Marine Isotope Stage 11

December 5, 1998 – San Francisco, California
Convener: Richard Poore


Because of the concern for potential global climate change, there is growing interest in better understanding and documentation of the history of natural climate and environmental changes. Information on recent periods of the Quaternary when conditions were demonstrably warmer than the present provides a way to gain insights into the likely impacts of possible future warming and represents one means for identifying any human-induced diversions from natural variability. Key features include the amplitude and periodicity of decadal to millennial-scale climate variability, the identification of systems and areas that are most impacted by warming, and the links between the carbon cycle and global temperature. The potential impact of increasing global temperature on ice caps and sea level is especially critical. Many glaciers and small ice caps around the world are receding rapidly. If larger ice sheets begin to recede, sea level could change dramatically. The most vulnerable ice sheet in the marine-based West Antarctic Ice Sheet, which contains enough water locked up as ice to raise sea level ~5-6 meters.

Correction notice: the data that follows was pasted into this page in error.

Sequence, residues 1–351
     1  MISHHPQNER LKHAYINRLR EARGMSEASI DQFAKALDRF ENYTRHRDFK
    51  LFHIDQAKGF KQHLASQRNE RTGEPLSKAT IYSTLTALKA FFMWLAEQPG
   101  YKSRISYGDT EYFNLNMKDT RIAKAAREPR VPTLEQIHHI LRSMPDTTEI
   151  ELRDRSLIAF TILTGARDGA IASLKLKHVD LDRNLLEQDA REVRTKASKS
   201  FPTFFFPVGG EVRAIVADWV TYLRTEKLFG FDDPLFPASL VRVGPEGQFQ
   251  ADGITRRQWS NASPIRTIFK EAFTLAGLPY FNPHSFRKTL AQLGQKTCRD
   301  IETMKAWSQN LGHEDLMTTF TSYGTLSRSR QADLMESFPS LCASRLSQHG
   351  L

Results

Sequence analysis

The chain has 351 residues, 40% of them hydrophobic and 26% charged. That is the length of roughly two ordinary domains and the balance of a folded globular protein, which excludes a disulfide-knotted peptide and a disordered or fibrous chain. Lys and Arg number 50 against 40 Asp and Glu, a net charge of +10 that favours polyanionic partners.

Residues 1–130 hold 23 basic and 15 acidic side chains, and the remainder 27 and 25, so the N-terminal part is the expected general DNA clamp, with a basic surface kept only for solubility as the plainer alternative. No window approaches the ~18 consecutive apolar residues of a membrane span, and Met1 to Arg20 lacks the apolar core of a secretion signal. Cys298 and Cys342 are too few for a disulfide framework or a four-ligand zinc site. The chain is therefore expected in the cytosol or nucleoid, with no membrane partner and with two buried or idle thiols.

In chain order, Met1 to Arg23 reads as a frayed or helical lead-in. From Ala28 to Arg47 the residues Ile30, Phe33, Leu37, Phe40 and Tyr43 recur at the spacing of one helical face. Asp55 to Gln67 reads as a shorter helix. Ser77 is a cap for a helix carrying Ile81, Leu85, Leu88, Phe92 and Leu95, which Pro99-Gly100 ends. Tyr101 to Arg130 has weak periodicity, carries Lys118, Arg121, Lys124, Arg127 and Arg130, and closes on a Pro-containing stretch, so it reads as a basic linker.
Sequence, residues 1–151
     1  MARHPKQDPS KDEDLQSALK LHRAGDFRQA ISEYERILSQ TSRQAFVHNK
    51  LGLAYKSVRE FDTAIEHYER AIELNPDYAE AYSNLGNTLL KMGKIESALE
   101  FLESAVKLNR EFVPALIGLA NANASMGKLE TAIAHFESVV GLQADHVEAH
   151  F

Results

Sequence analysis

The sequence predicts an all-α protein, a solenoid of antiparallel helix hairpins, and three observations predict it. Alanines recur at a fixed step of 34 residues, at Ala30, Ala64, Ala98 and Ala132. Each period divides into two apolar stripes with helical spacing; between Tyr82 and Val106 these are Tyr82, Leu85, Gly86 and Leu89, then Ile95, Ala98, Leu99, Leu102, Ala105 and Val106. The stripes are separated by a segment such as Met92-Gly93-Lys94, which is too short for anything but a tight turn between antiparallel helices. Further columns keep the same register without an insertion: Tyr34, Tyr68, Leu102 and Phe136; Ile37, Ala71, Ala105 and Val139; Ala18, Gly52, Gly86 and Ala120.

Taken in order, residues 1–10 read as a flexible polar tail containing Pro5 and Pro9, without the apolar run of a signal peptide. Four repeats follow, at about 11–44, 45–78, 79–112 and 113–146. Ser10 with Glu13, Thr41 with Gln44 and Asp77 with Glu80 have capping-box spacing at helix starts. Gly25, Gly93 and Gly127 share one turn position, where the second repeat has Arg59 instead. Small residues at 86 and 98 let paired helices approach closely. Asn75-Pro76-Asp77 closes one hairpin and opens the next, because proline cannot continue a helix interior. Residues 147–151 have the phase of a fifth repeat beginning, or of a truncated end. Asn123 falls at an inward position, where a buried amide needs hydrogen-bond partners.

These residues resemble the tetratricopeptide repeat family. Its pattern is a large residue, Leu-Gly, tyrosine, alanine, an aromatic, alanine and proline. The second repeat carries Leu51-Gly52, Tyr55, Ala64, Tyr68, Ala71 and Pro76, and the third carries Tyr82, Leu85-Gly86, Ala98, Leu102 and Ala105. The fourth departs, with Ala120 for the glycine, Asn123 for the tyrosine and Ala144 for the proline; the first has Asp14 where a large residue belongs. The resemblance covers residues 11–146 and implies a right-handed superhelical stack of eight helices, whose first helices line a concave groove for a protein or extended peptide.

An increasing number of studies point to marine oxygen isotope stage 11 (MIS 11) (423-362 ka) as the longest and warmest interglacial of the past 500 kyr (see Howard, 1997 for summary). Modern barrier reef systems may have originated during or shortly before MIS 11, and sea level may have been substantially higher than present during MIS 11, implying collapse of one or more major ices sheets, like the West Antarctic or Greenland Ice Sheets, or both. Milankovitch forcing due to changes in Earth’s orbital parameters during MIS 11 was similar to modern conditions, as were millennial-scale climate variations. Thus, MIS 11 is a prime candidate for an interglacial that can provide a credible scenario for a future global warming.

In order to better define research objectives and sampling needs for future work on MIS 11, a one day international workshop with over 25 participants was held. Five summary presentations, followed by a poster session and informal presentations, generated lively discussions and focused on the issues: (1) How was MIS 11 generated and how long did it last? (2) Was the Earth warmer and sea level higher than present during MIS 11?

Workshop Report (pdf)

Organizing Committee
Richard Poore, U.S. Geological Survey
Lloyd Burckle, Lamont-Doherty Earth Observatory
Andre Droxler, Rice University
William McNulty, U.S. Geological Survey